The Geneology of Social Theory
What started out as a relatively simple assignment, has taken on a life of its own this evening. Our assignment was simple. Create a geneological tree consisting of social theorists that we feel represent classical social theory. The point was, or what I understand the point to be, is that everyone will have a different idea of what classical sociology is and who best represents it.
It was agreed upon in the seminar, that the arborious design was problematic, as it implied certain hierarchies and ‘branches’, and it also became skewed because it was laid out in a relative time sequence, not a theoretical sequence.
So, my problem stems from my typical knack for a) overanalysing even the simplest tasks (that were probably meant to be fun and b) thinking too far from the box that deep down in my heart, i know i should be sitting in…
I have a theory that classical social theory can be seen as, as sashay put it to me this evening, emphasizing the concept of cannonical instead of classical as denoting a particular period of time.
What I find peculiar about the debate of time within attempting to define the boundaries of classical social theory, is that most people have very fixed ideas of when it ended, but seem quite flexible when determining when it began even though sociology as a formal discipline was introduced rather late in terms of intellectual thinking.
So, since we allowed people such as Plato and Aristotle, Rousseau, Kant and Locke to be included in the definiton of Classical Sociology, I have come to my own reasoning in pushing the boundaries in the other direction as well. If I am to think about classical social theory as being cannonical, then people not commonly thought as classical can definitly be included. Contemporary feminist theory should be included as part of the classical literature in the sense that it should be included as part of a foundation of knowledge that is necessary in order to understand other volumes of work. With each new (and i mean box-shatteringly innovative) nuggets of theory, we should consider it to be part of the classical body of work. Or perhaps the problem is not with the dates and time frame, but with the terminology. Perhaps we should abandon the idea of classical social theory for a very strict modern/post-modern … or maybe before and after Marx =)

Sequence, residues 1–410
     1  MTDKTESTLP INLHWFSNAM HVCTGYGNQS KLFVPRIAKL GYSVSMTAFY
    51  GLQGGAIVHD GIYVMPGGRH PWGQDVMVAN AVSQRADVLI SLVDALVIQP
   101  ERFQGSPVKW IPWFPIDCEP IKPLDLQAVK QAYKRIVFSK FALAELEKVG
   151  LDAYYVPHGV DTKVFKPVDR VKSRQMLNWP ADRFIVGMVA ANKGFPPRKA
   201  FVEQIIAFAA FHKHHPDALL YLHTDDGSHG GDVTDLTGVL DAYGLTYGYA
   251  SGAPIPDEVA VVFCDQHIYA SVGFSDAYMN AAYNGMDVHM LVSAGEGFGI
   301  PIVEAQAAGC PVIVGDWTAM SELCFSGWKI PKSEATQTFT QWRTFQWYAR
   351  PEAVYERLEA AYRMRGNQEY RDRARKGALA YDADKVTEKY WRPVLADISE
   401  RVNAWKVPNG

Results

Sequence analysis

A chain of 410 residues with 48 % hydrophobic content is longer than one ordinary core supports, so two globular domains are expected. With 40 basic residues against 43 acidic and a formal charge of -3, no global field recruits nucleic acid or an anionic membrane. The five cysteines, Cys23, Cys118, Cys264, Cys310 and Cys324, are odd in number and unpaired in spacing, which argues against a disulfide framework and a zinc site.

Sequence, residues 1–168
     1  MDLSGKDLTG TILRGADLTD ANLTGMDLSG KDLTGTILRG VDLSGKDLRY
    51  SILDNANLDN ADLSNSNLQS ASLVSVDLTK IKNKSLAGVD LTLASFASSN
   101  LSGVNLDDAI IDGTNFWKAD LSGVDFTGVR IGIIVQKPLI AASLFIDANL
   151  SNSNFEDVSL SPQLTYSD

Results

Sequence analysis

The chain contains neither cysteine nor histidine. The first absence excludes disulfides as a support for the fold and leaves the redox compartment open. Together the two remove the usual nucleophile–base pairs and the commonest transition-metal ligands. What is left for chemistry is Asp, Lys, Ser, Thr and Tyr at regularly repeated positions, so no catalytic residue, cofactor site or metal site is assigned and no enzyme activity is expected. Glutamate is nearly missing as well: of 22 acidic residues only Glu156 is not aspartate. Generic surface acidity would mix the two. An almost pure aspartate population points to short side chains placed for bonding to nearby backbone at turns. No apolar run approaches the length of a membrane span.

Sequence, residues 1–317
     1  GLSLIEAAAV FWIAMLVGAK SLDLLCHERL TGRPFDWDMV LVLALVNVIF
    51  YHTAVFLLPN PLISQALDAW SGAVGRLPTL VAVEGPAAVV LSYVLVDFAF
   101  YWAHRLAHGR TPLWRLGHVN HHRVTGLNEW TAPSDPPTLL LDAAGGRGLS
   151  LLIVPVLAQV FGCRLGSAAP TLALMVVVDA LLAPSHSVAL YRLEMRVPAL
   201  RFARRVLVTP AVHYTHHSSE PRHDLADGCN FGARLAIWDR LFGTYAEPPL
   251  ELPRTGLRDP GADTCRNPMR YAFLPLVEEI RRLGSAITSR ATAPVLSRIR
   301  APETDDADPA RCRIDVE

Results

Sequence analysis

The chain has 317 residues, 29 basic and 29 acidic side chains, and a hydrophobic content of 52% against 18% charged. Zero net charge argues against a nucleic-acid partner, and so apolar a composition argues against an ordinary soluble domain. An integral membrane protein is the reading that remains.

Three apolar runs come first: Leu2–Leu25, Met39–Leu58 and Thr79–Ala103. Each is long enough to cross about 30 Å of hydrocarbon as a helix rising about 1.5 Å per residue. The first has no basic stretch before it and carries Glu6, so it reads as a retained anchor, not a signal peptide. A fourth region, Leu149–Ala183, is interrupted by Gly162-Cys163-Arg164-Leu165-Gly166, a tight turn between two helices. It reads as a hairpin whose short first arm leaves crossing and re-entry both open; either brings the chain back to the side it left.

The other option is to very clearly state the meaning of classical and find theorists that fall ONLY under those categories….who’s definition would be the most homogenous to create a very definitive list of thost that qualify as “classical social theory”.
I learned classical social theory in a very progressive way. What I mean is, all old theory was paired with contemporary theory (as current as 1996 articles found in popular culture magazines such as Wired) to show us the progression of theoretical threads. Although I attribute the way I think through theory to this method (currently working on Parsons and VideoGames), it skewed any definitional lines of classical social theory for me.